HEART AND BRAIN HEALTH: DO ONE NEW THING FOR THREE WEEKS
By Keri Pollock
A new year is upon us and with it usually comes a resolution to get healthier. We so earnestly want to engage in life improvements, yet, they have a way of falling to the wayside. Take heart! (Pun intended). You can start fresh any time of year. Not convinced? Here are some sobering facts to consider from the American Heart Association:
Heart disease is the leading cause of death for both women and men in the U.S.
1 in 4 deaths is caused by heart disease
30% of the deaths among women in the U.S are caused by heart attacks and strokes
High cholesterol, high blood pressure, diabetes, obesity and smoking all contribute to heart disease
Let’s look at how you can make simple, effective changes that will benefit your heart and overall health. Choose just one, and you’ll be surprised at how much better you feel. Start with a visit to your health care professional before embarking on any significant changes in physical activity:
Get a baseline of your five most important health numbers: Total Cholesterol, HDL Cholesterol, Blood Sugar, Blood Pressure and BMI (Body Mass Index). When you know these numbers, you can find out if you are at risk for developing heart disease or other health conditions.
Watch your weight. Extra pounds put stress on our bodies and hearts. Obesity is responsible for many health conditions that can be reversed or improved through weight loss.
Do you smoke? Quit! Stopping smoking is one of the best things you can do for your health. Smoking is the leading cause of preventable death. Check out these resources at smokefree.gov website for support.
Manage blood pressure and cholesterol. Uncontrolled high blood pressure is one of the biggest risks for heart disease and other harmful conditions, such as stroke.
If you drink alcohol, do so in moderation. Drinking too much alcohol can raise the levels of some fats in the blood (triglycerides). It can also lead to high blood pressure, heart failure and an increased calorie intake.
Engage in physical activity. Move more. Walk 20 minutes each day. Take the stairs. Find a class – water aerobics, dance, tai chi, gentle yoga — at your community center. It all counts!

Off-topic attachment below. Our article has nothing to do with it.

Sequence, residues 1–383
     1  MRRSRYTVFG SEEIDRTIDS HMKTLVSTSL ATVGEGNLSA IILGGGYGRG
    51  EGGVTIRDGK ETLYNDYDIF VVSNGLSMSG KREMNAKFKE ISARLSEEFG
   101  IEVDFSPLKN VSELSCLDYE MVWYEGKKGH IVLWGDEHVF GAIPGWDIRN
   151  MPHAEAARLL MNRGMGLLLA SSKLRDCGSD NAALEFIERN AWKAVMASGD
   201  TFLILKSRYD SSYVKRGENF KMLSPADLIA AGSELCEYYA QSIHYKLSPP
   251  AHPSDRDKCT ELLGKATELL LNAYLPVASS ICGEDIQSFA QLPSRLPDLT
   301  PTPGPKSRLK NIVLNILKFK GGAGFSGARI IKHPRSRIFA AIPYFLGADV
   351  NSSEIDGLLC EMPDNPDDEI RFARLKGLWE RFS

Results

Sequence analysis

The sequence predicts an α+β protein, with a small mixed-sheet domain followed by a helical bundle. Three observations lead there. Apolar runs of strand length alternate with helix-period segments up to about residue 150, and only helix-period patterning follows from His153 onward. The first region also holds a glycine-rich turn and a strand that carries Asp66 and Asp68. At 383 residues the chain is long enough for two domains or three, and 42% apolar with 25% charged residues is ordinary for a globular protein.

Eat healthy. Eat smart. Add color. Reduce added sugar. Add more fresh vegetables and fruits to your diet. Choose lean meats and healthy fats. Eat more fish. Take a cooking class. Work with a nutritionist. The Mediterranean diet is often cited as one of the healthiest and good for your heart.
Get enough sleep. Seven to eight hours each night is what’s recommended. Sleep is restorative. Our quality of sleep influences everything from mood, to thinking, to reaction times, even our weight.
Prevention is key. Often, heart disease can be prevented when you make healthy choices and manage health conditions. Controlling and preventing risk factors is also important for people who already have heart disease. You don’t have to change everything at once. In fact, if you try to make too many changes, you are more likely to fail.
Need a little extra incentive? Consider this: What’s good for the heart is good for the brain!
Pick just one thing – exercise, diet, losing weight, managing BP and cholesterol, quitting smoking, or getting enough sleep – and try it for 21 days (the length of time it takes to develop a new habit). Then, add another heart healthy choice. Before you know it, you’ll be well on your way to improved well-being, a happier heart, and a healthier lifestyle that you can maintain.
Keri Pollock is an ALCA Administrative Partner directs marketing and communications for Aging Wisdom, an Aging Life Care™ practice based in Seattle, WA. Pollock serves on the Age Friendly Seattle Task Force, the Creative Aging Programs Advisory Committee at the Frye Art Museum, and on the Alzheimer’s Association Discovery Conference planning committee.
To learn more about individualized care for your loved one, please contact us at Caring With Grace to speak with one of our compassionate experts in family caregiving.
This blog is for informational purposes only and does not constitute, nor is it intended to be a substitute for, professional advice, diagnosis, or treatment. Information on this blog does not necessarily reflect official positions of the Aging Life Care Association® and is provided “as is” without warranty. Always consult with a qualified professional with any particular questions you may have regarding your or a family member’s needs.
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